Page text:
Learning the Basic Linux Commands and Partitioning a USB
So after learning the basic Linux commands, I was able to learn a few more commands that are completely new to me especially because I was asked to partition a flash disk (USB).
I really did not know what to do back then. O_O I was tasked to be able to partition the flash disk and be able to have more than one flash disk drive appear upon plugging the USB to the USB port. After 2 days of brooding, browsing the Internet, and asking Sir Renan for help, I successfully made 3 partitions on the USB. \ m /
Let me share to you my experience while trying to learn to partition the flash drive and the basic Linux commands. Sir Renan tested me on the basic Linux commands I learned first. I was able to successfully perform the first ones quite easily until he asked me to create 3 folders then erase them all at the same time without typing a long command. That is how I learned of the “wildcard.” It is just the use of an asterisk (*) that means any arbitrary character.
It is better explained in an example. Like if you want to erase all the files contained in one folder, just type $rm * and that will do the trick. So even if you have hundreds of files to erase, you do not have to type them one by one, just use the wildcard. Another example is if you want to delete all files starting with letters abc just type $rm abc* (that will erase all the files that starts with abc followed by any other characters e.g. abcfile.txt, abckat.txt, abc123.txt and with that, other files not starting with abc won’t be erased).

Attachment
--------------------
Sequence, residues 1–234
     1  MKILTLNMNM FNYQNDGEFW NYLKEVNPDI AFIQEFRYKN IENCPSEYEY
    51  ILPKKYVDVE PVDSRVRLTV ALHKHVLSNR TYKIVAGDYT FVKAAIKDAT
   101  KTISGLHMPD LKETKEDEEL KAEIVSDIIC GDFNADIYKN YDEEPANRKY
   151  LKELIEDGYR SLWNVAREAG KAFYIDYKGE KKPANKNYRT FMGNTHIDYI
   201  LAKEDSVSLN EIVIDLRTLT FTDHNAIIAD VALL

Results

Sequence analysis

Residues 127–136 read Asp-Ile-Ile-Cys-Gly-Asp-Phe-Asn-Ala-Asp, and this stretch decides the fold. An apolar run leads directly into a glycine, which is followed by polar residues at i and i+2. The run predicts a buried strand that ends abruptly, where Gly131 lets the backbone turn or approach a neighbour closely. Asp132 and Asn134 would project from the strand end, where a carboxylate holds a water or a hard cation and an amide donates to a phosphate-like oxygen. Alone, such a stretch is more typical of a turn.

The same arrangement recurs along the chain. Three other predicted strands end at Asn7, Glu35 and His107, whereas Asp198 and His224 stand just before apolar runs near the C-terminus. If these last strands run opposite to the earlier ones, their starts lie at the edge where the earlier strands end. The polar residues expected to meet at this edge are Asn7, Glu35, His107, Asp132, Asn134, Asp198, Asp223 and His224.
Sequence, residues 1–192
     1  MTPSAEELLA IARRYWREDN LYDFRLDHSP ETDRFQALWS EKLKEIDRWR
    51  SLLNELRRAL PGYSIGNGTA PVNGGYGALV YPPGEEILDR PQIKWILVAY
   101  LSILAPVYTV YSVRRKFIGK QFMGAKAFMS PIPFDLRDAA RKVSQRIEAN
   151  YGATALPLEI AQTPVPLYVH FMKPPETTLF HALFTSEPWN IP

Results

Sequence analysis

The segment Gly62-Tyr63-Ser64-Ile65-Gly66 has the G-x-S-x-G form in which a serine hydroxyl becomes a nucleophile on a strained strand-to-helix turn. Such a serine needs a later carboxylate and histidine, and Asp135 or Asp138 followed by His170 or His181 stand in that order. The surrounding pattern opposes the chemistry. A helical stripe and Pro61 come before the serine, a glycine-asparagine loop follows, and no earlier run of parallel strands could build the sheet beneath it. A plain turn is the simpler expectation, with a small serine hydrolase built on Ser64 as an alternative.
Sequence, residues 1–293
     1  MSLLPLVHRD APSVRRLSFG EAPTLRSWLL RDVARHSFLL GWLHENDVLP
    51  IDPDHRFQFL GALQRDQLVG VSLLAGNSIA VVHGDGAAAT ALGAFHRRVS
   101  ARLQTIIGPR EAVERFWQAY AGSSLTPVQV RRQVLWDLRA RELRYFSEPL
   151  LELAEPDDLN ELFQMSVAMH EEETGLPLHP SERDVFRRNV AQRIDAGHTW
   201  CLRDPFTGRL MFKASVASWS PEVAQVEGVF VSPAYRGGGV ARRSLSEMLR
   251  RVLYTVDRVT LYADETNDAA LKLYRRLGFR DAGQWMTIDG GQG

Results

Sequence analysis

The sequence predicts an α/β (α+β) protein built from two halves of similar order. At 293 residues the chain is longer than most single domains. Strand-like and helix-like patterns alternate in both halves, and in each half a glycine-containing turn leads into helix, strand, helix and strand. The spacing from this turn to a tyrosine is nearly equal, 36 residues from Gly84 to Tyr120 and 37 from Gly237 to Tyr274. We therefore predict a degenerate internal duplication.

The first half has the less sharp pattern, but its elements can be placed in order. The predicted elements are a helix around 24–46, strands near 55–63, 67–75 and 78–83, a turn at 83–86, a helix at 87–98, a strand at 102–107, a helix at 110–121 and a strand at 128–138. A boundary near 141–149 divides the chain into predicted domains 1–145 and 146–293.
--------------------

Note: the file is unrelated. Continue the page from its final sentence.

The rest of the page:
So much for that (haha!), here is my exprerience in partitioning the flash disk. From reading this, hopefully you would know what to do if faced with the same problems I encountered.
First, I had to know which device is the USB so as not to damage any other disk drive upon performing the cfdisk command. After searching for so long and reading many cfdisk tutorials and even the $man cfdisk, I was not able to know how. So I asked Sir Renan and here is the command for determining the devices you recently plugged: $dmesg
or if you want to cut the output short just type $dmesg | tail. With that, I knew that my flash drive is in /dev/sdb.
On to performing the cfdisk command, at first, I could not write the partitions successfully after creating them. It was because I have not tagged any primary partition as bootable. So I tried again but it did not work as well because I failed to specify the file system type. Then, yet again I failed to make the partitions. Beats me why but that’s how my first day in trying to do partitioning ended. On to the second day, I tried searching once more for cfdisk command tutorials and found this site (You can also check it out to learn how to partition your disk drive). I tried partitioning again and this time, I was successful enough to make the partitions but no other disk drives appeared as I plugged the USB. After that, I had to have the USB formatted because it already failed to boot upon plug in. Then, continuing to explore the cfdisk command, I found out that other disk drive names were only created for the logical partitions. So I made logical partitions as well but I still did not have my other flash drive names. I was able to change my partitions and such but no other flash drives appeared as I plugged my device. Sir Renan then asked me to install Gparted, a gnome partition editor, to help me. With that, I realized that the right file system type to use was the FAT so I can be able to share files in my flash disk assigned with different disk drive name. With that, I successfully finished partitioning the USB. But still, I had to use both the Gparted, for specifying the right file type, and cfdisk, to write the partition. My challenge to myself now is to learn the file system types better and working my way through Gparted so I can just work using either when I do my partitioning in the future. 🙂